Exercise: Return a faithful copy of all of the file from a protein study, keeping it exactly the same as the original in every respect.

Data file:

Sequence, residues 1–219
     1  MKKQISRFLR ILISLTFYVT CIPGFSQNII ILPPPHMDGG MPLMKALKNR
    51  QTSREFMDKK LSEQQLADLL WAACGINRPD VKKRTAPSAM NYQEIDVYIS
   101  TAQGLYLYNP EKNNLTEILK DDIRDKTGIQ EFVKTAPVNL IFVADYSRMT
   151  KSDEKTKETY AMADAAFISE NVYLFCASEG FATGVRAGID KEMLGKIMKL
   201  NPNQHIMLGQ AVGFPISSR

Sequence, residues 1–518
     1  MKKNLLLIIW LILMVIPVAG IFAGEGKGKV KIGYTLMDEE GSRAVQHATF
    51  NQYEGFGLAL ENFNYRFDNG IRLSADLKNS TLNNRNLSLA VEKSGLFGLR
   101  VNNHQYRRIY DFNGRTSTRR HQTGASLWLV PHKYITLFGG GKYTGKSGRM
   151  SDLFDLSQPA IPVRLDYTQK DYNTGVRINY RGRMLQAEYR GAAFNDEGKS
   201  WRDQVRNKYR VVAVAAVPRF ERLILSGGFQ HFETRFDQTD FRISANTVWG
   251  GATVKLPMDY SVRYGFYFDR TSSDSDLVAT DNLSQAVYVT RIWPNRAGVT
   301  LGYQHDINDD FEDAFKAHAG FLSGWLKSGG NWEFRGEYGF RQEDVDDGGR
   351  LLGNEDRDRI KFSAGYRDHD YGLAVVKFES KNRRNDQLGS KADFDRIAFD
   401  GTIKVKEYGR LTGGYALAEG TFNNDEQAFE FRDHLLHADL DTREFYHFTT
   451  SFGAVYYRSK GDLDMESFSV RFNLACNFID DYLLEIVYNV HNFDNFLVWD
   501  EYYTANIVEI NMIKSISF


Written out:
Sequence, residues 1–219
     1  MKKQISRFLR ILISLTFYVT CIPGFSQNII ILPPPHMDGG MPLMKALKNR
    51  QTSREFMDKK LSEQQLADLL WAACGINRPD VKKRTAPSAM NYQEIDVYIS
   101  TAQGLYLYNP EKNNLTEILK DDIRDKTGIQ EFVKTAPVNL IFVADYSRMT
   151  KSDEKTKETY AMADAAFISE NVYLFCASEG FATGVRAGID KEMLGKIMKL
   201  NPNQHIMLGQ AVGFPISSR

Sequence, residues 1–518
     1  MKKNLLLIIW LILMVIPVAG IFAGEGKGKV KIGYTLMDEE GSRAVQHATF
    51  NQYEGFGLAL ENFNYRFDNG IRLSADLKNS TLNNRNLSLA VEKSGLFGLR
   101  VNNHQYRRIY DFNGRTSTRR HQTGASLWLV PHKYITLFGG GKYTGKSGRM
   151  SDLFDLSQPA IPVRLDYTQK DYNTGVRINY RGRMLQAEYR GAAFNDEGKS
   201  WRDQVRNKYR VVAVAAVPRF ERLILSGGFQ HFETRFDQTD FRISANTVWG
   251  GATVKLPMDY SVRYGFYFDR TSSDSDLVAT DNLSQAVYVT RIWPNRAGVT
   301  LGYQHDINDD FEDAFKAHAG FLSGWLKSGG NWEFRGEYGF RQEDVDDGGR
   351  LLGNEDRDRI KFSAGYRDHD YGLAVVKFES KNRRNDQLGS KADFDRIAFD
   401  GTIKVKEYGR LTGGYALAEG TFNNDEQAFE FRDHLLHADL DTREFYHFTT
   451  SFGAVYYRSK GDLDMESFSV RFNLACNFID DYLLEIVYNV HNFDNFLVWD
   501  EYYTANIVEI NMIKSISF